During his appearance on the podcast "2 Bears, 1 Cave" Monday, Tarantino reflected on the state of the film industry, saying that one of the legacies of "the Marvelization of Hollywood movies" is a scarcity of movie stars.
"You have all these actors who have become famous playing these characters, but they're not movie stars," he said. "Captain America is the star. Thor is the star. I mean, I'm not the first person to say that. I think that's been said a zillion times. It's these franchise characters that become a star."
Though Tarantino said he doesn't "love" Marvel movies, he also doesn't "hate" them.
"My only axe to grind against them is they're the only things that seem to be made, and they're the only things that seems to generate any kind of excitement," he continued. "They are the entire representation of this era of movies right now, and there's not really much room for anything else."
On Tuesday, Liu, who starred in the 2021 Marvel film "Shang-Chi and the Legend of the Ten Rings," appeared to respond to Tarantino and Martin Scorsese, who described Marvel films as "not cinema" in an interview with Britain's Empire magazine in 2019.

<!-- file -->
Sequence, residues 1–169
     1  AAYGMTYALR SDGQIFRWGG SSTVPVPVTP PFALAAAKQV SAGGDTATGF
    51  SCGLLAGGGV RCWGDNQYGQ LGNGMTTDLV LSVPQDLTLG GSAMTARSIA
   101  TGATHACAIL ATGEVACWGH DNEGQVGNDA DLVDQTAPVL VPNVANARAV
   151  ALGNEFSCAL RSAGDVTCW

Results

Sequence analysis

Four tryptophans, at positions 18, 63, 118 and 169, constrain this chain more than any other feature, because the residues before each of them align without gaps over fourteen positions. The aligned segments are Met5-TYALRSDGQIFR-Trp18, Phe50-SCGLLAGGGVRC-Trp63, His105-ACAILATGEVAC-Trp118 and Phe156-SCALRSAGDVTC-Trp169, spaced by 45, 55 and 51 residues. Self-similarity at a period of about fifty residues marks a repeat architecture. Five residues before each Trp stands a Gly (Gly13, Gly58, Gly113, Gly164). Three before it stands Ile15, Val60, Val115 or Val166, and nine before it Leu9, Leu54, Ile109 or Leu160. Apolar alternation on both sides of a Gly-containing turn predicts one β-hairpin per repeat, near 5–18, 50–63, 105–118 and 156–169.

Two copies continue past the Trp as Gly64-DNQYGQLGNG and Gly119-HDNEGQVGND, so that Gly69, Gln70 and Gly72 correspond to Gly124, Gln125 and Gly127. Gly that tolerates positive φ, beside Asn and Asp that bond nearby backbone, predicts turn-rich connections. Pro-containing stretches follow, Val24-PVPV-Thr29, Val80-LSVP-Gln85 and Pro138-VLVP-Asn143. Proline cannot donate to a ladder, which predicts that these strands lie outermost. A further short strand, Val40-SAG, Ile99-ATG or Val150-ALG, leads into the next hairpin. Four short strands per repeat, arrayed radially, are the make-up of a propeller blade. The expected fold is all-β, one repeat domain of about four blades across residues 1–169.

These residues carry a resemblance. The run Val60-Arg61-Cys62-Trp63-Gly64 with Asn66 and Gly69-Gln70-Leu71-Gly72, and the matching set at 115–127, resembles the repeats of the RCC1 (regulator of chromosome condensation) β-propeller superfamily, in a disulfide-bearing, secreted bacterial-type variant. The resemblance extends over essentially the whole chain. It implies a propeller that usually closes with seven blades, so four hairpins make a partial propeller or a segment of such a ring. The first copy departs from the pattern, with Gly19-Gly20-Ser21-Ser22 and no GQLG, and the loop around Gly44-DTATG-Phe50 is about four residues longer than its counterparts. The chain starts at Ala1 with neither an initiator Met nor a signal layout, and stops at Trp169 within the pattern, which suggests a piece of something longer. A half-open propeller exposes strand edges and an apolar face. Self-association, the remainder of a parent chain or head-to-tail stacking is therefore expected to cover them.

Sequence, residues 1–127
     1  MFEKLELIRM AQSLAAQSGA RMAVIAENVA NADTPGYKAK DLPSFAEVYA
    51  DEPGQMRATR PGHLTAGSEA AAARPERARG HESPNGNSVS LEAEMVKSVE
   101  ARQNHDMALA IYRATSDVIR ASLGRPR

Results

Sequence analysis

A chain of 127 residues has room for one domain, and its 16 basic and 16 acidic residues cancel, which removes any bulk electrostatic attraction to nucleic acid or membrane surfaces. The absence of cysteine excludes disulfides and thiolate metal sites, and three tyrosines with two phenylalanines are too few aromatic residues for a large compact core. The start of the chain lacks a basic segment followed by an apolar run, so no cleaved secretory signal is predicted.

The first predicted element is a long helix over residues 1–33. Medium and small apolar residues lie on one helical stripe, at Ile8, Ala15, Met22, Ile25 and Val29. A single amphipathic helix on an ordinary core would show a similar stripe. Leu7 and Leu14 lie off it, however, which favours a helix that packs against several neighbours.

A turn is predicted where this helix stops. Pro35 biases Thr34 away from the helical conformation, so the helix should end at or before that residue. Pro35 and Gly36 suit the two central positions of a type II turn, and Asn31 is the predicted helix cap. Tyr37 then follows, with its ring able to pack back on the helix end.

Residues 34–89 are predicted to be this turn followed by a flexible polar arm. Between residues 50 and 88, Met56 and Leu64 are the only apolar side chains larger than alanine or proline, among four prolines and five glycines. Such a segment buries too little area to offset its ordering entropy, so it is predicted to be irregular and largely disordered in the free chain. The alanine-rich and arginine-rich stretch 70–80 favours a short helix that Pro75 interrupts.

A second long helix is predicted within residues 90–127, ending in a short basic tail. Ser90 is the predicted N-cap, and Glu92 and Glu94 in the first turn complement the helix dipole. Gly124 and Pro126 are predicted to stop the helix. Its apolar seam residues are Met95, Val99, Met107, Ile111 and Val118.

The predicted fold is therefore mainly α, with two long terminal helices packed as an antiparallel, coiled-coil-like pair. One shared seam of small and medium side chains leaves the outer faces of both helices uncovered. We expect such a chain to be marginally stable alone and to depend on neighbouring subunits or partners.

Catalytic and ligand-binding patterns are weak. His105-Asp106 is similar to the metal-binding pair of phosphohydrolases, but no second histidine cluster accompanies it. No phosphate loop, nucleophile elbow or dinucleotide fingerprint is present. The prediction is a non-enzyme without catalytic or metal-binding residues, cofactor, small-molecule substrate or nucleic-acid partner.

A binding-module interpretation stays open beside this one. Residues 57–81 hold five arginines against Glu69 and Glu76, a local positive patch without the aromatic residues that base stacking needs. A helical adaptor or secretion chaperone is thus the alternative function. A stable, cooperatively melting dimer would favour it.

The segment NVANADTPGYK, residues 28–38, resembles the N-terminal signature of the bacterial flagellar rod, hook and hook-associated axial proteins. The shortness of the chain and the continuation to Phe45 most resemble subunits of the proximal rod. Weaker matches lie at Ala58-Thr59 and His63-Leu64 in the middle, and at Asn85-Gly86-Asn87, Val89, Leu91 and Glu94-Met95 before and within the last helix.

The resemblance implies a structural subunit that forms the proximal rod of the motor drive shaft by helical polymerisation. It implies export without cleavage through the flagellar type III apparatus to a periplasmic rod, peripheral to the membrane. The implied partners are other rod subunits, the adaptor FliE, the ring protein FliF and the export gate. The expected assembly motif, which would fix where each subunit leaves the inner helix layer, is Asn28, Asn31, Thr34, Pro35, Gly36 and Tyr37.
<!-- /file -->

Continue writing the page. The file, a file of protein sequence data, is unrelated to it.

"If the only gatekeepers to movie stardom came from Tarantino and Scorsese, I would never have had the opportunity to lead a $400 million plus movie," Liu wrote. "I am in awe of their filmmaking genius. They are transcendent auteurs. But they don't get to point their nose at me or anyone."
Liu continued: "No movie studio is or ever will be perfect. But I'm proud to work with one that has made sustained efforts to improve diversity onscreen by creating heroes that empower and inspire people of all communities everywhere. I loved the 'Golden Age' too.. but it was white as hell."
In 2019, Scorse compared the superhero blockbusters to an amusement park.
"Honestly, the closest I can think of them, as well-made as they are, with actors doing the best they can under the circumstances, is theme parks," he said.
"I don’t see them. I tried, you know?" he added. "It isn’t the cinema of human beings trying to convey emotional, psychological experiences to another human being."
On Friday, Tarantino appeared on HBO Max and CNN's "Who's Talking to Chris Wallace?" where he addressed controversy over the violence in his movies and having actors in his films use racial profanity.
"You talk about being the conductor and the audience being the orchestra. So when people say, 'Well there’s too much violence in his movies. He uses the N-word too often.' You say what?" host Chris Wallace asked Tarantino.
Tarantino responded, "Then see something else."
"If you have a problem with my movies then they aren’t the movies to go see. Apparently I’m not making them for you," the director said.
Contributing: Cydney Henderson, Naledi Ushe
This article originally appeared on USA TODAY: Quentin Tarantino slams 'Marvelization of Hollywood,' Simu Liu reacts